I use the InstallShield Pro v3.0 that comes with the Microsoft Developer's Studio v6.0 Enterprise Edition to build the installation packages.
Build platforms tested, most recent first:
Get the correct version of JMMcG Core C++ Library. The build required is tagged "build_2" in the CVS tree. Fortunately I've zipped up a set of the required sources in "build_2.zip" that is in the "Aleph One" module. Just unzip that into the directory which contains the "Aleph One" source directory.
Windows XP (including running under VMWare), Windows 2000, Windows NT v4.0, Windows 95.
A Mandelbrot Demonstration program that runs on a cut-down version of the Cyclops-E (the processor implementation within the IBM BlueGene/[L|C] project), this is embedded within the DIMES project being developed at the University of Delaware. The resultant demonstration program is a very reduced version of the "Aleph One" code, supporting only Mandelbrot set generation and the "Divide-N-Conquer" algorithm, with none of the GUI support.
What's even cooler is my demostration program was selected as one of the programs to be demonstrated at Super Computing 2003!!! Pictures of it may be found here!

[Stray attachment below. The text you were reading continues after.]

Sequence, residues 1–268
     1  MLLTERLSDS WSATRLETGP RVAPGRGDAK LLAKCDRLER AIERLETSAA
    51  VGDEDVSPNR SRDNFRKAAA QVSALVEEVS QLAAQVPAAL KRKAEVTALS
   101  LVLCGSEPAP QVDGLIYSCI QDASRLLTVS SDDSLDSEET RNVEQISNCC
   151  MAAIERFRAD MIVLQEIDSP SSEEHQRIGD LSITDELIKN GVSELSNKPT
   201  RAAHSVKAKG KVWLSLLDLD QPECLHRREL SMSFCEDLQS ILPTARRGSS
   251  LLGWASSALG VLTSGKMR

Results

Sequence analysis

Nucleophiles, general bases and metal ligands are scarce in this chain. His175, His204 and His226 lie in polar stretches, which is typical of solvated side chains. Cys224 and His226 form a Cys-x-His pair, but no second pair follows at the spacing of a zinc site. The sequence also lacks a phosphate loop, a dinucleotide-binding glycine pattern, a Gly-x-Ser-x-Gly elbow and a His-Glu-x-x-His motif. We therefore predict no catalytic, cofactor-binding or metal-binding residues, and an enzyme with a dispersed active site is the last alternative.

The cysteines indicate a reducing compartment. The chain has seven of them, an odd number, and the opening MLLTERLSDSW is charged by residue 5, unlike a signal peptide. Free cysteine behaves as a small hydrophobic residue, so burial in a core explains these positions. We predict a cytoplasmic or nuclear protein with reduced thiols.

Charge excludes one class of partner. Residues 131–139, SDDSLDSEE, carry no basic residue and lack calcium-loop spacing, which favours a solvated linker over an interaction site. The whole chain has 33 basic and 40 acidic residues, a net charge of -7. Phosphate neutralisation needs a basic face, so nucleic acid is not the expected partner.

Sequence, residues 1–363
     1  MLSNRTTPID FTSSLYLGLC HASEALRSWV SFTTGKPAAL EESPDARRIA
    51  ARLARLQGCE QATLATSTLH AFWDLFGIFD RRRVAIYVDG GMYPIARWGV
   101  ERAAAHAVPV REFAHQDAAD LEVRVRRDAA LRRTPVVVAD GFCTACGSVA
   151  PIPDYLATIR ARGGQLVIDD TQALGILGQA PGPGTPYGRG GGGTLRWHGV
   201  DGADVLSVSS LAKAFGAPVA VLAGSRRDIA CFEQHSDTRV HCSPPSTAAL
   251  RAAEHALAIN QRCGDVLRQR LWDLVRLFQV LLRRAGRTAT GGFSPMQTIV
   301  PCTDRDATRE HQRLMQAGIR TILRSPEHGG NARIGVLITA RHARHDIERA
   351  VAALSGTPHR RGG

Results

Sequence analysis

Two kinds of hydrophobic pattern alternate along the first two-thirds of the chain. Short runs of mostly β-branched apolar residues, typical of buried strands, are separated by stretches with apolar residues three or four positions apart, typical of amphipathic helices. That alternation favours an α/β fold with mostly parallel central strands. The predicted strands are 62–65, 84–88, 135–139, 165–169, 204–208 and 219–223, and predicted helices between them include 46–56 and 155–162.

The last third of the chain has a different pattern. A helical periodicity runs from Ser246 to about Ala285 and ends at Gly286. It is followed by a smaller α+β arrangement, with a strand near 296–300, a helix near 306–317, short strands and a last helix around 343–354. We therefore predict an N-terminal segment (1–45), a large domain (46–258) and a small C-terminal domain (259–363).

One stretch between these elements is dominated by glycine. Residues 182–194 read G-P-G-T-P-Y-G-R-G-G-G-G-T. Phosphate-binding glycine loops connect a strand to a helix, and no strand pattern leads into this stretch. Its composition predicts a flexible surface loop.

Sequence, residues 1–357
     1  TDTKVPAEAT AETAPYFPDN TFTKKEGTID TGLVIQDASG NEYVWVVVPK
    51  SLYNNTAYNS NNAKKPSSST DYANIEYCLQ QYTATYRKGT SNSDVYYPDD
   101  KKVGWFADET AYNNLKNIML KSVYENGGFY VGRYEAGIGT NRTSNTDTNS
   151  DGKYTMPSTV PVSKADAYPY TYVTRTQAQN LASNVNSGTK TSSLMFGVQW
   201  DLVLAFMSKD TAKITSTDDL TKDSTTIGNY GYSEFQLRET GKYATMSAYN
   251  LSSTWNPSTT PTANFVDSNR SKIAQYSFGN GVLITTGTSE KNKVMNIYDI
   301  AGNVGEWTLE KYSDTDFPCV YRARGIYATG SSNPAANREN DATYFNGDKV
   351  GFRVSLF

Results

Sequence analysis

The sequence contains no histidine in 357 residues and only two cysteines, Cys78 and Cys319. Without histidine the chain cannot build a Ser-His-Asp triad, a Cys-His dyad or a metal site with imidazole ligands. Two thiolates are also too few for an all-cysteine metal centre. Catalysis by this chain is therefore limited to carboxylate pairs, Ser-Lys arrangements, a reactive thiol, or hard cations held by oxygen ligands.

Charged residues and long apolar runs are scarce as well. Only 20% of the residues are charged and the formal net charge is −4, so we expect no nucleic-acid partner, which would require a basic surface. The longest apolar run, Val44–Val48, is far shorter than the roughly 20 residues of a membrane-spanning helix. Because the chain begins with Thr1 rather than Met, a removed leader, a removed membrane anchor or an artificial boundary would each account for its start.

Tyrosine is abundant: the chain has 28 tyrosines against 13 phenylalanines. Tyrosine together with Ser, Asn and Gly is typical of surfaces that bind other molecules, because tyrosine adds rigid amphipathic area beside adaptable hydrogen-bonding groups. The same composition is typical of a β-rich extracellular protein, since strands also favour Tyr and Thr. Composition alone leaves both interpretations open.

Aleph One is hosted at Sourceforge where you can find:
This code was developed by J.M.McGuiness.
The idea for this code came from Fractint, the amazing program for fractal generation!
License & Warranty.
The module "Aleph One" is released under the GPL, the modules "Fractal Generator", "Complex Calc/Mappings Expression Generator UI", "Graphics Codes/png", "Graphics Codes/zlib", "Maths Libraries" and "a386_cde" are released under the LGPL, with absolutely no warranty, express or implied.
Please see the files "COPYING" and "WARRANTY" in the release distribution for more details.
Copyright © Jason M McGuiness, webmaster at hussar dot demon dot co dot uk, 2003.